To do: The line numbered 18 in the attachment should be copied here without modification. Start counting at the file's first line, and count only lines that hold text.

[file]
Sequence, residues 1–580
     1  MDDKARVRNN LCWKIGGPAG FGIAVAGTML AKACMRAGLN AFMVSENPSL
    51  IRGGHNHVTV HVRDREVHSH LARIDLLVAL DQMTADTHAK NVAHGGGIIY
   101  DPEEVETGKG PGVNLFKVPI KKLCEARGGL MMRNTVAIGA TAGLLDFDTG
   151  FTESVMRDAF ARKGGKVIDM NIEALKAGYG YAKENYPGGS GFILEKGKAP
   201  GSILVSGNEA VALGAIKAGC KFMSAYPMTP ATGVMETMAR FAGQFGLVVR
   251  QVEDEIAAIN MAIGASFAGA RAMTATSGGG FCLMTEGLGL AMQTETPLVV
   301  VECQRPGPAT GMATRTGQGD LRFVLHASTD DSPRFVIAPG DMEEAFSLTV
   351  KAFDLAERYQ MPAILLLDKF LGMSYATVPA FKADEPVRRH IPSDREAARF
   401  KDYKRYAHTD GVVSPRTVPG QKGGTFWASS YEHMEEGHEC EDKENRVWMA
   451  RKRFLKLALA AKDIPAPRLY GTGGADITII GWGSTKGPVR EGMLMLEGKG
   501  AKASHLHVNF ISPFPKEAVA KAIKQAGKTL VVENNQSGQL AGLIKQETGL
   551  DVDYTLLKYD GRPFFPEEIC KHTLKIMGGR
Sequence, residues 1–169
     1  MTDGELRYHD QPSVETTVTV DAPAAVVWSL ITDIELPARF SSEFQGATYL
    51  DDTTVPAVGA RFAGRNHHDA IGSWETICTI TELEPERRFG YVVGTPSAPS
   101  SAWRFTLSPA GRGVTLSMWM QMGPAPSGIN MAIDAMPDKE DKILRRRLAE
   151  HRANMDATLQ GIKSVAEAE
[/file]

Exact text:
   151  HRANMDATLQ GIKSVAEAE